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Poland: Differing Styles In Wroclaw


DaveHarries
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Hi,

 

I have just come back from a long weekend in the lovely Polish city of Wroclaw. The city is packed with nice churches but many date from 1945 or later, at least as far as the interior of them is concerned, because the city was heavily bombed in Wrold War 2. This was my second visit to the city: I had been in the third week of June. The visit this time was to meet my nephew who is 6 weeks old: I hadn't seen him yet as his parents, and hence him as well, live over there. It is undoubtedly one of the nicest cities in Europe, IMO.

 

Here are some organ photos from the city taken during my two visits there.

 

First up is the cathedral of St. John the Baptist. The cathedral was 70-80% destroyed in World War 2 with only the walls left standing. The restoration of the cathedral after the war was meticulous and very thorough. The organ here is, from what I understand, the largest in Poland. I went to the 10:30am service on Sunday 10th August and the sound from the instrument was superb. It should be noted that the pulpit escaped the devastation caused by the bombs in the war.

 

Photo: http://churchorgans.fotopic.net/p52657247.html

 

Not very far from the cathedral is the church of St. Elizabeth. This church is a real mixed bag. The main part of it was wrecked in World War 2 (as was much of the city). But again, instead of the modern "architecture" that has been seen in some English cities, the restoration / rebuilding of the church after the war has been excellently done. I took this picture on the Sunday. I would have taken it before but I forgot my camera. The organist and a trumpet player were practising in advance of a wedding booked for that afternoon. They played Clarke's "Trumpet Voluntary" (aka. Prince of Denmark's March) and JS Bach's "Jesu Joy of Man's Desiring". The combination of the two was superb.

 

Photo: http://churchorgans.fotopic.net/p52657089.html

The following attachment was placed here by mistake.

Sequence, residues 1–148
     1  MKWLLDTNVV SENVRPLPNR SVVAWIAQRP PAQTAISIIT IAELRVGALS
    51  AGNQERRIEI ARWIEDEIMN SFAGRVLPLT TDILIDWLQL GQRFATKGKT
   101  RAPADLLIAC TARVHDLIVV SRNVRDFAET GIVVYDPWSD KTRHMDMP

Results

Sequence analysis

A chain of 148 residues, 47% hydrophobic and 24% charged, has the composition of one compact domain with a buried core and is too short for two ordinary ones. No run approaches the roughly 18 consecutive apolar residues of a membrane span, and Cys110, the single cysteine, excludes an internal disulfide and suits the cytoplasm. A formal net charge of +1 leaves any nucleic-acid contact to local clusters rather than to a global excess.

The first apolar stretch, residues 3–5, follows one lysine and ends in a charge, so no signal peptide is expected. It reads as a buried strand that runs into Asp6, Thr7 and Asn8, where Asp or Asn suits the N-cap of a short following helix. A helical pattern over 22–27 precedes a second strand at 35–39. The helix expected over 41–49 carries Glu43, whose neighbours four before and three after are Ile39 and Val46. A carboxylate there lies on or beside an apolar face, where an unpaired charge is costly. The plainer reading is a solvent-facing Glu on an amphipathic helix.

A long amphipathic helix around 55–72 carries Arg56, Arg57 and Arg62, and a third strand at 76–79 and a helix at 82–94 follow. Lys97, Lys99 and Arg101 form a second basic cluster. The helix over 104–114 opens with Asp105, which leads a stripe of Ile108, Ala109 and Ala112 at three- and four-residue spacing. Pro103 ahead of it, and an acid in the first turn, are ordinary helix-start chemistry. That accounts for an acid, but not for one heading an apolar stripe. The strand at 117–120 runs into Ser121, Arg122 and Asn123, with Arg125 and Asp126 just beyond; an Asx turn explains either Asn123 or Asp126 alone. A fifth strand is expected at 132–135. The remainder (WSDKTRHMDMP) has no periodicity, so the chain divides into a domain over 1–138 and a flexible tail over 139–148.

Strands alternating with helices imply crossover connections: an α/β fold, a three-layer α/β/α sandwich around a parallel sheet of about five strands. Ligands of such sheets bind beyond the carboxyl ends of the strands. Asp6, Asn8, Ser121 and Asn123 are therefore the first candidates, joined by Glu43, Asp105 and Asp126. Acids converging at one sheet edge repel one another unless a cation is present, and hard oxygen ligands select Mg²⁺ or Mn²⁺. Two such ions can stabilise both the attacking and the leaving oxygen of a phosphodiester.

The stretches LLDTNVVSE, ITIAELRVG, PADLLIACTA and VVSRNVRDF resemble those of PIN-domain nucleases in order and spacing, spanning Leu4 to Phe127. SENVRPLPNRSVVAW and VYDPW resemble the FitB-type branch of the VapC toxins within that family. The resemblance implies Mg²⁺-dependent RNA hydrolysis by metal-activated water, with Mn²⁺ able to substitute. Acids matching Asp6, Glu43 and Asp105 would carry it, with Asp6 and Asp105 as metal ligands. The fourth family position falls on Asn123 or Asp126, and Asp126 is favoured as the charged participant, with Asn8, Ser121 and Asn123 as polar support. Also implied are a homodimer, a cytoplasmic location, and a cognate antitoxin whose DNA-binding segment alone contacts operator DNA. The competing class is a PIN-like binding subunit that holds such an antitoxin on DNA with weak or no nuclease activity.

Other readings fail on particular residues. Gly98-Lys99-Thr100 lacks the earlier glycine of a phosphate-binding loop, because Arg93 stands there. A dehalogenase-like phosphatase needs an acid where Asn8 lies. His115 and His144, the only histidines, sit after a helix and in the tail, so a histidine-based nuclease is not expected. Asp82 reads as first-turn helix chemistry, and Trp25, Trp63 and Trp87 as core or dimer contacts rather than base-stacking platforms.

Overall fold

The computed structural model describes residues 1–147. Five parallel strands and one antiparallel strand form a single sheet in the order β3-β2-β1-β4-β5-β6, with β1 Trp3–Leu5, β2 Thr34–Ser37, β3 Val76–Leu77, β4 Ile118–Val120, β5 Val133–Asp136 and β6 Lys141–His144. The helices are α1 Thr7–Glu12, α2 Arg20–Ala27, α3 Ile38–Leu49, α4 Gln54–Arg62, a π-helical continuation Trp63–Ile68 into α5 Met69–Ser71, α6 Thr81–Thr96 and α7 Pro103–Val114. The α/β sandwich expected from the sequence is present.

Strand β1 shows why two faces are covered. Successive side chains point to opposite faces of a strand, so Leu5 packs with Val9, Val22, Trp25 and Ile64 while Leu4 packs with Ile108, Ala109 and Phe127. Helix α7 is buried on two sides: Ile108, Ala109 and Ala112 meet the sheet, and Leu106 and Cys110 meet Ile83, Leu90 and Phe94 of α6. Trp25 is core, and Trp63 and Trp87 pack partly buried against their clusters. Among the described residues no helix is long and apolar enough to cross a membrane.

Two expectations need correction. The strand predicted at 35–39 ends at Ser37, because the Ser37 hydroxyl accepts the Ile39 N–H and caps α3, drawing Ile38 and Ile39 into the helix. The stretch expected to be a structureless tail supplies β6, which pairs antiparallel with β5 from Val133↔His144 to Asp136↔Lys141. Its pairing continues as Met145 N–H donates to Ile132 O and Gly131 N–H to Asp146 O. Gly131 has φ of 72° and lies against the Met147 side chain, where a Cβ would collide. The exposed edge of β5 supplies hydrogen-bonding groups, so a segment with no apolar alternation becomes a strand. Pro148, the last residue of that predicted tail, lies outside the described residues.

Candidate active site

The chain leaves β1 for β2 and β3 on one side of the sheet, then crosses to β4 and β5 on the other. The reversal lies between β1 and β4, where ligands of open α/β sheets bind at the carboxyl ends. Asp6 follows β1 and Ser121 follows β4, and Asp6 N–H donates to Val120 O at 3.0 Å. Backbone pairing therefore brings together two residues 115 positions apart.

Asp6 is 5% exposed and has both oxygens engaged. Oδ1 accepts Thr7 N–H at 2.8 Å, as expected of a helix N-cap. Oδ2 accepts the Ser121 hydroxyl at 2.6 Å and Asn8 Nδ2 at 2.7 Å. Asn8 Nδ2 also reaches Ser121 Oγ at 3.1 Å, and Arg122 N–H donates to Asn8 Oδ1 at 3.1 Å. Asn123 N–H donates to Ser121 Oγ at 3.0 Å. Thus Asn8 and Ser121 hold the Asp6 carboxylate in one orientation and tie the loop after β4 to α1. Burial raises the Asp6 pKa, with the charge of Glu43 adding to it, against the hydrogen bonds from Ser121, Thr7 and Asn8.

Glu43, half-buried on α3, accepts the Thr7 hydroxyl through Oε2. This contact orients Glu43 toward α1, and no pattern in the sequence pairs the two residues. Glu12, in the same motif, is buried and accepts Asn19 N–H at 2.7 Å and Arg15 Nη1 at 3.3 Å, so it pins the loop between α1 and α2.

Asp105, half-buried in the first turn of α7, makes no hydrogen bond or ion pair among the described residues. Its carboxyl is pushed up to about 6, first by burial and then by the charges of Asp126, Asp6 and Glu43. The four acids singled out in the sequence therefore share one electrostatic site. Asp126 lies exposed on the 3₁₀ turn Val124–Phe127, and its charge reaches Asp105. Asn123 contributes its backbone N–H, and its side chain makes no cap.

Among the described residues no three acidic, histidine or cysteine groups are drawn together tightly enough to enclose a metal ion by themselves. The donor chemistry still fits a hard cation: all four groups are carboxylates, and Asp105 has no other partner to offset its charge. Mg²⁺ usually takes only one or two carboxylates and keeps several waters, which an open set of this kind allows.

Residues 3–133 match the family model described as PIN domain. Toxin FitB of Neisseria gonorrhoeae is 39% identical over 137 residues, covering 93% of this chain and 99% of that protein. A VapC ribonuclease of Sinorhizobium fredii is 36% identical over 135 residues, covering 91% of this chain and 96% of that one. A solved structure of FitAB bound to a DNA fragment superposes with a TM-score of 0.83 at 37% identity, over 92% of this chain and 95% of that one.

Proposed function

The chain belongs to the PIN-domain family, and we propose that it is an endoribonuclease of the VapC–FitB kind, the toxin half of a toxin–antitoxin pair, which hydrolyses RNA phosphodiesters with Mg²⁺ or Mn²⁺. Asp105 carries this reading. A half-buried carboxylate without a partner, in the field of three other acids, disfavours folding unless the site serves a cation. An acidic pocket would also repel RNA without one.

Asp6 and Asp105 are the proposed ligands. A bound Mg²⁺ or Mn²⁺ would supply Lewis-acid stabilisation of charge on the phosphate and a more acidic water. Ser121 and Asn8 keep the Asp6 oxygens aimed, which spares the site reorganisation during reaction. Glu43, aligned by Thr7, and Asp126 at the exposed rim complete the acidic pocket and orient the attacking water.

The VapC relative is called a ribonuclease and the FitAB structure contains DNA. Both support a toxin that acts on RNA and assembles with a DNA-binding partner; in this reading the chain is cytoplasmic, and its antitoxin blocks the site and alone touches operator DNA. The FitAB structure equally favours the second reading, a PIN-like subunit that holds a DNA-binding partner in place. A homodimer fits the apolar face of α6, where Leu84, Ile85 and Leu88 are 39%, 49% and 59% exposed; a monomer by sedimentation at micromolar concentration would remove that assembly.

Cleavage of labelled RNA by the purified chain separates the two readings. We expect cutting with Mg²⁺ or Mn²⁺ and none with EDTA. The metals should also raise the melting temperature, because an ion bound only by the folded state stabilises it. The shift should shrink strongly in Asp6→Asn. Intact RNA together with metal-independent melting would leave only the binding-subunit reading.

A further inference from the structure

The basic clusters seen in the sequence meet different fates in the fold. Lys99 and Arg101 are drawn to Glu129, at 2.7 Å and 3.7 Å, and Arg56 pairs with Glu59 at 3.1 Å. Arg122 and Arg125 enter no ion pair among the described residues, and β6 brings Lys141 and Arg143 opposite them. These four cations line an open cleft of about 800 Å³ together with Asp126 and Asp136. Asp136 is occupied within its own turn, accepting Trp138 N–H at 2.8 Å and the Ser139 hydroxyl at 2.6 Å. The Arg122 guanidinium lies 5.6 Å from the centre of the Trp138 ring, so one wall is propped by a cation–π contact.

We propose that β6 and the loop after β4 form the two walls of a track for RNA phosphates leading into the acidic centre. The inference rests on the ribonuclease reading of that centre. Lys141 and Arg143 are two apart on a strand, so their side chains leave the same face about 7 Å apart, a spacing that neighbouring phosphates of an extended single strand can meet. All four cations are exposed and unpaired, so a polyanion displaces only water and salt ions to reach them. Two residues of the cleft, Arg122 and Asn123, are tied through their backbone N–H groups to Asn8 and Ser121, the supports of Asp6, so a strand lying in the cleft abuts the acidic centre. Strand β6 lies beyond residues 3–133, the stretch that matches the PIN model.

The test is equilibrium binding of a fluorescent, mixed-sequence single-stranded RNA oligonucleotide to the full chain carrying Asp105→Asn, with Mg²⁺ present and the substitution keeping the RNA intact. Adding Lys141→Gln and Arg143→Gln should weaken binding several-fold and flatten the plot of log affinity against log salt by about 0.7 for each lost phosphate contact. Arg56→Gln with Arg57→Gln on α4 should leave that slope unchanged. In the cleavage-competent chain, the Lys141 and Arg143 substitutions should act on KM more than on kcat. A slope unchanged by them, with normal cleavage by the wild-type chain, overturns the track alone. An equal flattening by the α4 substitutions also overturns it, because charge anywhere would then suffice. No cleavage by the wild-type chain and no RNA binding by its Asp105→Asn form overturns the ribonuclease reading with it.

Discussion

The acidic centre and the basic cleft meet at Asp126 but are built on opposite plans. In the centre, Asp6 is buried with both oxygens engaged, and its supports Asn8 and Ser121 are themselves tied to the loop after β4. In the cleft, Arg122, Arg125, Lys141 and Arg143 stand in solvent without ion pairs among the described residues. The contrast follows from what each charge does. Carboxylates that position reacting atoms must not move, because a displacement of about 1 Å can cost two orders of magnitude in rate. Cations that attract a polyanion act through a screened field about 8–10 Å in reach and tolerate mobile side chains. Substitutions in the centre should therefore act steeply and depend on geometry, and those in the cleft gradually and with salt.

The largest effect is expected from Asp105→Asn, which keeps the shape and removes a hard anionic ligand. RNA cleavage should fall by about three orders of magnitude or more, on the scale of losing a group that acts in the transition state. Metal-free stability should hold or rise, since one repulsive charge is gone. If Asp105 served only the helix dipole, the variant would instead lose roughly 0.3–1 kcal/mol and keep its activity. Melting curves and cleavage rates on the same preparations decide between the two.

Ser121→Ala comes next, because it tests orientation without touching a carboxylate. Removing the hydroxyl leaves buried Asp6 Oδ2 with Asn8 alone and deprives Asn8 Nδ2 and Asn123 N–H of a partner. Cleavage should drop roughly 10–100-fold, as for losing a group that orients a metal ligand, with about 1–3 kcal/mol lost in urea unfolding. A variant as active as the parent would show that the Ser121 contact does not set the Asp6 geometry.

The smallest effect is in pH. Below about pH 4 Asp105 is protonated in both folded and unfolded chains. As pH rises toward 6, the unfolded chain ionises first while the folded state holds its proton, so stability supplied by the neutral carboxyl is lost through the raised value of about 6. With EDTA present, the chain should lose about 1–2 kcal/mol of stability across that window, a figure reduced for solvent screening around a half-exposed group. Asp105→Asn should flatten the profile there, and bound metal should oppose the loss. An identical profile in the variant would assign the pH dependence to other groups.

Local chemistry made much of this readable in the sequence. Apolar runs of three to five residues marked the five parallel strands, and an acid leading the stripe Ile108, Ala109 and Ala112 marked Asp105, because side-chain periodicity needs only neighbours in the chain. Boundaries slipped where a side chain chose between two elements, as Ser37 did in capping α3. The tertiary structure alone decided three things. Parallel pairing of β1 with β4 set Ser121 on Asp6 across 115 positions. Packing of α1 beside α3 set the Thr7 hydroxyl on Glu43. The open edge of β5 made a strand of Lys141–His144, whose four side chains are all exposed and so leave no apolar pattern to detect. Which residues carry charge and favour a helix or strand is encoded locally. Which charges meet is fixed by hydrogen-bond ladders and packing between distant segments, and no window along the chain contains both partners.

Not far from the apartment where I was staying with my parents is the small University Church. This was founded as a Jesuit church. This church is worth a visit even if organs are not your interest: the cieling is richly decorated, there are 6 side chapels. The church was hit by two bombs in World War 2 but this did not destroy the church and the interior, where restoration wasn't needed, is entirely original.

 

The organ here is the only Wroclaw organ on which I have any information. The original organ was built by I. Mentzel in 1700 when the Jesuits still had the church. It had 1 manual, Pedals and 15 stops. Since the church became part of the University (not sure when that was) the organ was rebuilt by W. Sauer & O. Walcker in 1926 as Opus 1317. It now has 3 manuals, Pedals and 50 speaking stops. There was an organ festival on in the church and a recital was given on Sunday 10th August by Boguslaw Raba (organ) & Bolette Roed (flute). Info on builders taken from the festival programme. Quite a loud instrument.

 

Photo: http://churchorgans.fotopic.net/p52658247.html

 

As an aside, if the paintings tempt anyone to find more photos of the church, I have some at http://davespix.fotopic.net/c1529295.html - go to the second page.

 

For my last organ we go back to the church of St. Elizabeth. The main part of the church, as previously mentioned, was wrecked in World War 2. However the side chapel somehow escaped any form of damage in the bombing and survives intact. The chapel houses a small instrument.

 

Photo: http://churchorgans.fotopic.net/p52657090.html

 

I am guessing that this small organ would be of Italian / German origin and probably dates from about the 1700s.